Art Bell, Radio Host Who Tuned In to the Dark Side, Dies at 72

His “Coast to Coast” show was syndicated and broadcast from 1989 to 2003, followed by episodic returns on satellite radio and online with a program called “Midnight in the Desert,” which he canceled in 2015 after he said shots had been fired at his home. Mr. Bell said he kept a .40-caliber Glock 22 in a desk drawer of his isolated desert home. “If I had a problem out here,” he told Time magazine in 2012, “well, the police would arrive just in time to draw the chalk outline on my floor.” While some critics accused him of laying the foundation for right-wing conspiracists on talk radio, Mr. Bell’s politics were not easily pigeonholed. He described himself as a libertarian, but his passion was directed less at politicians or ideology than at debunking scientific doctrine and preaching apocalyptic prophecy. “He was different, fed up with the government not because of some tax increase or a bad vote but because of what they were hiding,” the journalist Jack Dickey wrote in Time magazine in 2013. “Where others had rage, he had skepticism, and lots of it.”

With the horror novelist Whitley Strieber, Mr. Bell wrote “The Coming Global Superstorm” (1999), in which violent climate disruptions lead to a global deep freeze. The director Roland Emmerich adapted it for the 2004 film “The Day After Tomorrow,” starring Dennis Quaid. (Writing about the film in The New York Times, Andrew C. Revkin noted, “Most experts on climate change say a switch from slow warming to an instant hemispheric deep freeze like the one posited in the book is impossible.”) Mr. Bell wrote several other books, including “The Quickening: Today’s Trends, Tomorrow’s World” (1997) and a memoir, “The Art of Talk” (1998). His spoken words had a much wider reach, however. “His Marlboro-Lights-weathered voice blanketed the continent after dark, reliably chilling his audience,” one reviewer wrote.

Mr. Bell acknowledged that he had a certain hold on his nocturnal audience. As he told The Washington Post in 1998, “There is a difference in what people are willing to consider, daytime versus nighttime. It’s dark, and you don’t know what’s out there.

Why am I upset…well for one thing, this article is written with an intentional smirk on the reporter’s face. Oh that Art Bell, the host for all of us who were a part of his late night campfire for the lunatic fringe – now called conspiracy nuts, or theorists or Anon’s or whatever the flavor of the month is even though so much of what his interviews were about have become part of our mainstream thinking.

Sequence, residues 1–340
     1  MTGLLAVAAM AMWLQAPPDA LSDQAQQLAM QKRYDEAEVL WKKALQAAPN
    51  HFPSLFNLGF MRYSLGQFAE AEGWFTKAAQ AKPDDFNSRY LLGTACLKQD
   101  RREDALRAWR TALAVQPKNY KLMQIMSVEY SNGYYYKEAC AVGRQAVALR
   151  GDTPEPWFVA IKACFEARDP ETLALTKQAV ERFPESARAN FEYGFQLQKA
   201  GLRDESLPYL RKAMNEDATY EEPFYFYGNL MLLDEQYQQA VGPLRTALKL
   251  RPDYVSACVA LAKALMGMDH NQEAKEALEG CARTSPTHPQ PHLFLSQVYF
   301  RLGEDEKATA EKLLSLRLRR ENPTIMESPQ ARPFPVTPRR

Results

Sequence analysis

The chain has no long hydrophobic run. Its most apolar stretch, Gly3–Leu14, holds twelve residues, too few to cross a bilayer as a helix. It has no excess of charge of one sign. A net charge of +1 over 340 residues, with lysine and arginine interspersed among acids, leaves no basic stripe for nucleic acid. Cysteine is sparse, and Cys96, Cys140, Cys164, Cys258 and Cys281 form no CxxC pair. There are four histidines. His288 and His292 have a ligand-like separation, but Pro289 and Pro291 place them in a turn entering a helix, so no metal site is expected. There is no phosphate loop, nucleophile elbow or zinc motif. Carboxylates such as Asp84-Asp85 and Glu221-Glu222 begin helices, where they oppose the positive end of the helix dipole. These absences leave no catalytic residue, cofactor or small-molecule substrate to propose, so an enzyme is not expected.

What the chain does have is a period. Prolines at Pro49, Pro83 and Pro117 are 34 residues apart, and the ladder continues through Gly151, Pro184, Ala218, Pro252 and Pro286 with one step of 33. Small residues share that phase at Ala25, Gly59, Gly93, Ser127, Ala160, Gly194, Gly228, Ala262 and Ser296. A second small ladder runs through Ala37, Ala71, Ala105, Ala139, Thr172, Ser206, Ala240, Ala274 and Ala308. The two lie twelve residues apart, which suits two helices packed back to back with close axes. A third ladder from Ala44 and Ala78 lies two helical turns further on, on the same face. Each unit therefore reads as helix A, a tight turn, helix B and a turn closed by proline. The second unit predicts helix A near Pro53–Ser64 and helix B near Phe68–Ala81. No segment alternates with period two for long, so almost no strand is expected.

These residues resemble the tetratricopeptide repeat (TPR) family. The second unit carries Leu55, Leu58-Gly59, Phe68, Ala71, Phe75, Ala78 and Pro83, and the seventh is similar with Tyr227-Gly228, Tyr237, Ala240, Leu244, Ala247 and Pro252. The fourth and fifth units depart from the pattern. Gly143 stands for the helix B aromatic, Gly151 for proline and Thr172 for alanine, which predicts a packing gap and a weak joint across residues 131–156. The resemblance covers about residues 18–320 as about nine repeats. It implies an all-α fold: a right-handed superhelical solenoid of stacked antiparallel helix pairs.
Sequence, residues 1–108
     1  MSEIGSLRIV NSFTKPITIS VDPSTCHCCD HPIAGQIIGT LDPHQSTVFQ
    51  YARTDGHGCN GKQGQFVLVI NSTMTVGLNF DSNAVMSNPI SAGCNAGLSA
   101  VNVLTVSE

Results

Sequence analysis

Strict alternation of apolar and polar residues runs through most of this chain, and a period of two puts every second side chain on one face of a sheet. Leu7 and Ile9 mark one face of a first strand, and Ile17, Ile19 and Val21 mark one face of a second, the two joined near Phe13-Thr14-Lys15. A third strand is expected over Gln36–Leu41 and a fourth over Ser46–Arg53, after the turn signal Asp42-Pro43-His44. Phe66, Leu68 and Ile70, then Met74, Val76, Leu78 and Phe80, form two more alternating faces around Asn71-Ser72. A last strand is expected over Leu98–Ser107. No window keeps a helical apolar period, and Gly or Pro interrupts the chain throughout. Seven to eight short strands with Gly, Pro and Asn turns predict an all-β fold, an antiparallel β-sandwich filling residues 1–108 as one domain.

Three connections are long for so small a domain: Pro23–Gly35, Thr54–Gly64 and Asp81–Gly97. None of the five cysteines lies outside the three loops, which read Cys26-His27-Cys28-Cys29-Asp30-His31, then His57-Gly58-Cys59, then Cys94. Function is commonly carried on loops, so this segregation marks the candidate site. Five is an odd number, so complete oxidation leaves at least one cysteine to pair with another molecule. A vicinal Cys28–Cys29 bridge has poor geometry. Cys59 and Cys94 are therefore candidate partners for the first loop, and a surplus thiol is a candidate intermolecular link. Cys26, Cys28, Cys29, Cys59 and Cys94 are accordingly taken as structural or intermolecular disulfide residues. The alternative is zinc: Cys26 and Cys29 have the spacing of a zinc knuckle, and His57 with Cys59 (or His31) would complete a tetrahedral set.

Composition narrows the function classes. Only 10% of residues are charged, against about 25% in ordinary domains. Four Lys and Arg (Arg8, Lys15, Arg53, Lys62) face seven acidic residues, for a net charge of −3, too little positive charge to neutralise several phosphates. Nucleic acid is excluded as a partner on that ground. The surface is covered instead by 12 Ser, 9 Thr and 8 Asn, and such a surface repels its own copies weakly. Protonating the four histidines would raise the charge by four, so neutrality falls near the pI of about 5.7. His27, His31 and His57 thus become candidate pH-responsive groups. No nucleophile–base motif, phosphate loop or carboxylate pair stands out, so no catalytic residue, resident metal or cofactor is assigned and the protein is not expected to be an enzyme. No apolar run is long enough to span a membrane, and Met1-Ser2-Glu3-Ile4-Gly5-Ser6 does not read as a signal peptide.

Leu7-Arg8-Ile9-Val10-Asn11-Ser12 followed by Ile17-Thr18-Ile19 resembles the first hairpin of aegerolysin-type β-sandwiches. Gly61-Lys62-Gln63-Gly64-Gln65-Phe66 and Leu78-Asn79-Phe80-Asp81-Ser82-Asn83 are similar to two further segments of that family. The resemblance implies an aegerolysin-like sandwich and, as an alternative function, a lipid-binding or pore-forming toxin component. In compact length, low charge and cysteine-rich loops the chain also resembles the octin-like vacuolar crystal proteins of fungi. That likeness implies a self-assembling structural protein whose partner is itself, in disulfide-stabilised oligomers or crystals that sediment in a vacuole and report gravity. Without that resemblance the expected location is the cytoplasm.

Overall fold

So really, nothing’s changed, right? Same shit, different day. Nothing but disrespect for anyone that doesn’t tow the line. Afterall, we are just a bunch of fricking crazies. If I don’t believe what you believe well then, I must be one of those who thinks everything is a conspiracy. But I’ll tell you what, Art Bell was nobody’s fool. He would often say, A mind should not be so open that the brains fall out; however, it should not be so closed that whatever gray matter which does reside may not be reached.” I would dare you to go on his show back in the day and not have your facts together. Even if you were part of the fringe, you better not be crazy because Art Bell would tear you apart. He was brilliant. A disembodied voice that opened up our reasoning and imagination and sense of reality understanding that so much more could be going on or be real than we ever had before considered.

I would drive home late at night after gigs, dial in CKLW, a Canadian station and listen to Art Bell. The craziness of the gig would soon dissipate as Art would announce his guest in that smooth baritone voice introducing his guests or when the power would go out, dialing in Coast to Coast on my transistor radio cued up for power outage emergencies ….his voice being the constant, the glue, the theater, the teacher, or maybe just a radio guy who was brilliant at what he did. He actually knew how.

You see he didn’t open up his computer or his eye phone or Ipad and just start talking. No he had a producer, a license, knowledge of ham radios talking to people all over the world, a timeline, a schedule. He had skill.

I’m ashamed of the Alt-Media YouTubers. Not a one of you mentioned Art Bell’s death. Not a one of you. How dare you. How dare you to not take one minute out of your all important lives and pay respect to a man that was the glue for this kind of work. He was the beginning. There was no one else. He took the slams, the disrespect, the threats to his life, the divorces the heartaches, the accusations – he did that first! Not you, Not me Not Lionel or Alex, or Tracy or Jordan or Isaac or Styx or You Are Free, or Jerome or well any one of you.

Yes, I am ashamed of all of you YouTubers as individuals and of us as a community. How dare us to not honor what came before us like a hip hop artist or rock and roll musician who doesn’t understand that their music started in the fields, sung by slaves, morphing through time so that they could play and create along within a true musically historical narrative. So Like the blues, alt-media radio has its historical piece of history that more than likely made it possible for what we all do. The template and outline for all of us amateurs. So I take this moment to say for all of us, I am going to miss you Art Bell. You will hold a very important place in my psyche of all that is possible. You will be sorely missed by your 10 million listeners of yesteryear. And Mr. Bell I wish for you all that you ever dreamed that the afterlife is and may you do what you loved to do best broadcast to all of the cosmos from now until eternity.

So from the High Desert to the Great Southwest

Radical Gardener

Sending you Tons of Love

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